Here's the second interesting rig I've found in the parking lot at work. In fact it's the second gloss orange vehicle I've found at work, and just in time for Halloween.
What is it? A fourth-generation International Harvester Scout. I've always had a soft spot in my heart for Scouts - likely because my grandpa was an exec for IH back in the 60s through the 70s. And because of that he painted his Green Lake homes a similar shade of red to IH's corporate color. I'm surprised that he didn't have one of these, but he was always an Oldsmobile man.
This one lives at the high-end custom bi-fold door company that Electra shares a building with. And all it seems to move is from inside the shop to the parking lot every day. My guess is that it's a restoration-in-progress that isn't quite ready (or safe) for the open road. I've never seen it leave the lot. The paint, although dirty, is relatively fresh.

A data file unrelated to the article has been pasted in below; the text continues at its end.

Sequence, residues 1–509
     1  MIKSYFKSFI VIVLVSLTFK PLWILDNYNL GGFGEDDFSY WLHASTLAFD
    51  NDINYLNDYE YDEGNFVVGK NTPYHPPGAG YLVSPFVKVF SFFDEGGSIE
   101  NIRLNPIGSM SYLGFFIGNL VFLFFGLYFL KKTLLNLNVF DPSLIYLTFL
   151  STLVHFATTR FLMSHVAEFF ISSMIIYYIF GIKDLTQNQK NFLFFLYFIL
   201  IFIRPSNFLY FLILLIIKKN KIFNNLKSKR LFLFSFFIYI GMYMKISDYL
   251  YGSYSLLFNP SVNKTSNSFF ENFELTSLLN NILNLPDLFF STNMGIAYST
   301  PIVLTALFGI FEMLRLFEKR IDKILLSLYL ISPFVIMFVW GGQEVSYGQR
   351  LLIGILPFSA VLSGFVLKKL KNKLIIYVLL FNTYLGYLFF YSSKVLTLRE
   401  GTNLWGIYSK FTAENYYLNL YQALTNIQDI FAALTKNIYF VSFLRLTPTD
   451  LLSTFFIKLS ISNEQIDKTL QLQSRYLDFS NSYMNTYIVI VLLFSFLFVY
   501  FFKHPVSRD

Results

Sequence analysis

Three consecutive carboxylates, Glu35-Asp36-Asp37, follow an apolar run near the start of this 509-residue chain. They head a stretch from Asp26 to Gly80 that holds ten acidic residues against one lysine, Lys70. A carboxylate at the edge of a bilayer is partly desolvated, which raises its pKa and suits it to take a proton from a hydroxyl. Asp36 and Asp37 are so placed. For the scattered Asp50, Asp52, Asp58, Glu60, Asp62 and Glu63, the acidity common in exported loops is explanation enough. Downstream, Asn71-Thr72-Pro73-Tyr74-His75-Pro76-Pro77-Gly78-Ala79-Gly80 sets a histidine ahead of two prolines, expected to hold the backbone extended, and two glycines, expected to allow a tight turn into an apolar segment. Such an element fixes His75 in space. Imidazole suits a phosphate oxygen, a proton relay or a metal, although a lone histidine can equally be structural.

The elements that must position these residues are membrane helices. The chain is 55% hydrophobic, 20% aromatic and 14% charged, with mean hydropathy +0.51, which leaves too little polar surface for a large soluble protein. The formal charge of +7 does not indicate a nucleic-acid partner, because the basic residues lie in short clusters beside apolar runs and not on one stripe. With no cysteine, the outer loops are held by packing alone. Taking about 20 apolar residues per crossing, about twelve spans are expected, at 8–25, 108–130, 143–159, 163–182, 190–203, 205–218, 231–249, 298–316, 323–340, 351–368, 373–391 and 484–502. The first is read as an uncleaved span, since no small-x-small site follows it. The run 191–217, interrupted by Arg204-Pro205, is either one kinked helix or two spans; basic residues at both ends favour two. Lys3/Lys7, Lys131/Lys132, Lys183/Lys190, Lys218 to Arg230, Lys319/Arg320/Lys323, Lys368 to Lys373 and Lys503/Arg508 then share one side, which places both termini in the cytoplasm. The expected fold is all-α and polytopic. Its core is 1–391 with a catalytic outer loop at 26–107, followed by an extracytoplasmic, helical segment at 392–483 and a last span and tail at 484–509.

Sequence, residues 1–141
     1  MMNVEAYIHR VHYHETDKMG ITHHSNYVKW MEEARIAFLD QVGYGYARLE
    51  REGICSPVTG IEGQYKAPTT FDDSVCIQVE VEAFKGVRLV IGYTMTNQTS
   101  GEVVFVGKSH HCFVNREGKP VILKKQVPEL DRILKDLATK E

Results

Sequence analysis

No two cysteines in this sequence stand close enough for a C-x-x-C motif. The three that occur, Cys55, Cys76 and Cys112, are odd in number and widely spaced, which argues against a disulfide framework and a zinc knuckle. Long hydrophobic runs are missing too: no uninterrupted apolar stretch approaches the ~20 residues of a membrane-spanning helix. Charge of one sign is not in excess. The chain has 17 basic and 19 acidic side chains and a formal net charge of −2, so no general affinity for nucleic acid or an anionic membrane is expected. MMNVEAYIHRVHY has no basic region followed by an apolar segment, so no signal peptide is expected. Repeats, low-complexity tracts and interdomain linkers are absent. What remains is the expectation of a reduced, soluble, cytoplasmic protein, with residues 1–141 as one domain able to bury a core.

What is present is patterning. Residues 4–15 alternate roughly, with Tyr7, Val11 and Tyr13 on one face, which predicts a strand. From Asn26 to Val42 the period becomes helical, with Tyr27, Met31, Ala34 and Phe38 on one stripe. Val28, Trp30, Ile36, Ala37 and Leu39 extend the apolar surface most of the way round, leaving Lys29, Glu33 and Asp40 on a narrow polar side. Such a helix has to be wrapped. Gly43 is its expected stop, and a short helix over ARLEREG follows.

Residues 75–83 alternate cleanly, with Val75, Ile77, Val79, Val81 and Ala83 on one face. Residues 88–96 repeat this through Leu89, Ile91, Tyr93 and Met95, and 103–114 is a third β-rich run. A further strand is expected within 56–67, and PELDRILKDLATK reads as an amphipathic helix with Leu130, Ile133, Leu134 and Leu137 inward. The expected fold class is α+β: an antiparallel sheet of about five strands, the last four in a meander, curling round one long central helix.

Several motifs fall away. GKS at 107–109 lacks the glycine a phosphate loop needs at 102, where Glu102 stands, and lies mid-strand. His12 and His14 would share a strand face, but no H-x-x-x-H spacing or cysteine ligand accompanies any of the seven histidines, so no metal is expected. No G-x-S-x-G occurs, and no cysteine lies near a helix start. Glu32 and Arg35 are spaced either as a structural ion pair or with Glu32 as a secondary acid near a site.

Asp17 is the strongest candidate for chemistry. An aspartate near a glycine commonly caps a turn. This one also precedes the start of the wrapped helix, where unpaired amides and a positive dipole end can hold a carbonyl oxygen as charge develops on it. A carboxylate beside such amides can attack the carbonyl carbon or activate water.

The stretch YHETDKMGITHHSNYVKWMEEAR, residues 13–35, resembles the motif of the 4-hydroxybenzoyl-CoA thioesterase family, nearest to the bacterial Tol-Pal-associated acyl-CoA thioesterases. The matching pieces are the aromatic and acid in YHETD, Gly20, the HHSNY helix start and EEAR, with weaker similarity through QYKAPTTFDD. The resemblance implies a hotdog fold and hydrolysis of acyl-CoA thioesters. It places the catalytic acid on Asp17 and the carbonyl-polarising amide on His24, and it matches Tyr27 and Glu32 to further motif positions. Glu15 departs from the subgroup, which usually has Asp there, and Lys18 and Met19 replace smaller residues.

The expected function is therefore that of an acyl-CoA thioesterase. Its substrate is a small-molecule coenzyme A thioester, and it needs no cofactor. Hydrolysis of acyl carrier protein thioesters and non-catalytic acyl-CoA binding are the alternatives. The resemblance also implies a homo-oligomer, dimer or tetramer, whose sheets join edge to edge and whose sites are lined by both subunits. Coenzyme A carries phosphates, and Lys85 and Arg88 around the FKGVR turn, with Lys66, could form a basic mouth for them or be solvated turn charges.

One of the best things about this Scout is it's pure truckiness.
No cupholders, leather upholstery, power windows, climate control or front wheel drive. Heck, no door panels at the moment. Amenities? A heater, aftermarket stereo and a cigarette lighter. What more does a truck need? If only all SUVs (Stupid Useless Vehicles) were this pure. Perfect for exploring the mountain roads on Palomar Mountain or the Anza Borrego Desert State Park.
And though I like this rig a lot - there are a couple of things that'd make it better, like the Nissan diesel engine that was available towards the end of the Scout's life cycle, or, better yet, if it was an early Scout. I'll take any one of these 1969 models shown below: